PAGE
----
I think the future of machine learning is all about using complex deep neural nets, but training them in such a way that they actually produce an explanation at the output. So we don’t crack them open and look at the parameters, we actually train the system so that the output of the neural network is an explanation as well as a decision….You can think of this as a multi-task training problem where one output is the decision and the other output is the explanation….There are obviously some really challenging technical issues for how we get that to work, and it’s not really working well yet, but I think that is really where things will go in that regard.”
Along these lines, machine learning researchers Marco Túlio Ribeiro, Sameer Singh, and Carlos Guestrin have developed a method they call LIME (Local Interpretable Model-Agnostic Explanations) to explain the decisions of machine learning models. They designed LIME to be able to explain any machine learning model—thus the “Model Agnostic” part of the acronym. LIME makes what are essentially a series of faithful, or closely tracking, approximations of the machine learning model. These approximations are “Local” in the sense that each approximation is based on the specific region of the global model nearest each decision. (Here, visualize of a plot of data points. Instead of running an analysis of the entire plot, draw a circle around a group of points, and run an analysis on just that subset.)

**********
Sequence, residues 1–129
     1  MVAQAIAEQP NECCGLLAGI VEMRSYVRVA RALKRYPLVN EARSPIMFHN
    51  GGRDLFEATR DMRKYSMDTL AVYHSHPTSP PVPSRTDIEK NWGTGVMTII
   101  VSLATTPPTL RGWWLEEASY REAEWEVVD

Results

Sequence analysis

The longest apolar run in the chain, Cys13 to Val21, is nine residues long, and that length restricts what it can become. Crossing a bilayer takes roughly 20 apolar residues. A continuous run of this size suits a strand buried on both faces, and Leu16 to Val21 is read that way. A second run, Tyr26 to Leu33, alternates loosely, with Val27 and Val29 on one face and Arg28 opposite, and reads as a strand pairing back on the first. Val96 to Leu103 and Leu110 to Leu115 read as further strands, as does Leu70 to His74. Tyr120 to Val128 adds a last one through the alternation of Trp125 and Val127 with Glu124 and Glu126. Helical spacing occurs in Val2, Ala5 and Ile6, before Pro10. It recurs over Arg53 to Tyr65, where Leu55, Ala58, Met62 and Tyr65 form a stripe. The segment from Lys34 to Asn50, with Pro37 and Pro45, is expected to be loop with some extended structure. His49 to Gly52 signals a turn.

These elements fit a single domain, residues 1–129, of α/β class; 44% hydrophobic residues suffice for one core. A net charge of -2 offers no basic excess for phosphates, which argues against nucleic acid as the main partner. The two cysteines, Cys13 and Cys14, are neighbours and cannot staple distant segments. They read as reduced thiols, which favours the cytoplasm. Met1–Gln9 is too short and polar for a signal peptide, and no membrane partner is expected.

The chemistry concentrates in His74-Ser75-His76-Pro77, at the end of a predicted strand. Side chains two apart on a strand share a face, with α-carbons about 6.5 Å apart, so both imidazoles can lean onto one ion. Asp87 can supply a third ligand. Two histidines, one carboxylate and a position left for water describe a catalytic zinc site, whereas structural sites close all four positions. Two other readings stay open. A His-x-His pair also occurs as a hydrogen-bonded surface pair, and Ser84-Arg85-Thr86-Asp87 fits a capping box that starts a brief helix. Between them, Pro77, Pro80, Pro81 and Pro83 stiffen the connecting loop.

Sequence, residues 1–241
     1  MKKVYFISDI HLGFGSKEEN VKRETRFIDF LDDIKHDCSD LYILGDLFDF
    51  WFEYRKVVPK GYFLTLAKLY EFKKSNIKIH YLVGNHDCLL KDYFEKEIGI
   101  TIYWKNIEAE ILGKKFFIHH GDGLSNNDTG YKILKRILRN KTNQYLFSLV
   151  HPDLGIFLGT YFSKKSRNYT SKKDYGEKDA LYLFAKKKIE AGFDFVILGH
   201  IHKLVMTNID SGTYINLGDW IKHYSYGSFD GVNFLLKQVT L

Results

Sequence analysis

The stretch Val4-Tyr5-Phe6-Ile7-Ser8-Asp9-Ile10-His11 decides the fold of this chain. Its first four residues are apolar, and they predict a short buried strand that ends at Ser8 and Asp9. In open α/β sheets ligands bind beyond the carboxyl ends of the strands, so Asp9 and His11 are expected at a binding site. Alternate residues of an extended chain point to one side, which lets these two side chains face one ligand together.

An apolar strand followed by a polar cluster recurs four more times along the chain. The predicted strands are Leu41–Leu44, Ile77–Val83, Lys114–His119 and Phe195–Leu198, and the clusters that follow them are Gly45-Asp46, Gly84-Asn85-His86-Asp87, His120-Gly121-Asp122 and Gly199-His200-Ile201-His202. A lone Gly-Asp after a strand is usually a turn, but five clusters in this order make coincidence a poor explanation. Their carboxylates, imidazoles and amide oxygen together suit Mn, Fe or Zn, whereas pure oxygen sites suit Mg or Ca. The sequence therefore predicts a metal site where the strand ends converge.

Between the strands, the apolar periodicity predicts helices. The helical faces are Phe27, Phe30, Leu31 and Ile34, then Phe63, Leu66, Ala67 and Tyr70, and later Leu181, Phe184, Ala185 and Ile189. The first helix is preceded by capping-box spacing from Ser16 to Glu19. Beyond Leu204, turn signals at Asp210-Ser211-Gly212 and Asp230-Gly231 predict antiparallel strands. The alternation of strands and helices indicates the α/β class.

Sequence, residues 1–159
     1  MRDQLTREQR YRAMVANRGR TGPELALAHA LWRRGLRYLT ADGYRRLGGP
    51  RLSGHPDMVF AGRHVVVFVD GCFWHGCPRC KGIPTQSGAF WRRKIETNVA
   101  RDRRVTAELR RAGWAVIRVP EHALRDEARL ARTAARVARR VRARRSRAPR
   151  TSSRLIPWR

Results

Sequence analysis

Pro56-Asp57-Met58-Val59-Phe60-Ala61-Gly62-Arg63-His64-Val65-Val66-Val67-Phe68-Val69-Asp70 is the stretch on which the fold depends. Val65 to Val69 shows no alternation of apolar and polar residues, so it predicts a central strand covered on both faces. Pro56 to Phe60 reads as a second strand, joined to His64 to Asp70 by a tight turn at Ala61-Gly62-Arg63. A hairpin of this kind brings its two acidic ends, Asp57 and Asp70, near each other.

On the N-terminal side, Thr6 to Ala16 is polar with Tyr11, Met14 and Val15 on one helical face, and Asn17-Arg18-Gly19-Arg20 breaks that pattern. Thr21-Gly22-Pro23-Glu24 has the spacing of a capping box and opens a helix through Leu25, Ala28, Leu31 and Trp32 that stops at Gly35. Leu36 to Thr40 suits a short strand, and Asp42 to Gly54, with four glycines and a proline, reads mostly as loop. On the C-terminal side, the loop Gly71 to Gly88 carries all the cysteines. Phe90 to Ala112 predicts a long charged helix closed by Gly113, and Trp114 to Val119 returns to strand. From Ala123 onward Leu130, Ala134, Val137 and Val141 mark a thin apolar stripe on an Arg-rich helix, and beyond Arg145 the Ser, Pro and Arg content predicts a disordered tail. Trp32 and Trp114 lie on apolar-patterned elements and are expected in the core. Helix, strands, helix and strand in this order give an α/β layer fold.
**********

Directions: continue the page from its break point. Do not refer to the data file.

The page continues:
The math is a bit beyond my pay grade, but in essence for each decision made by the machine learning model LIME polls the model to generate a local data set of decisions that are similar to the decision in question. Then it applies a simple (“Interpretable”) data model to that local data set. It’s like creating a mini-model that analyzes the output of the complex model for each decision. Testing LIME demonstrates that these mini-models are surprisingly useful for explaining the behavior of a complex machine learning model’s’ decisions. And insights provided by LIME can be used to reveal and remedy persistent flaws in machine learning models.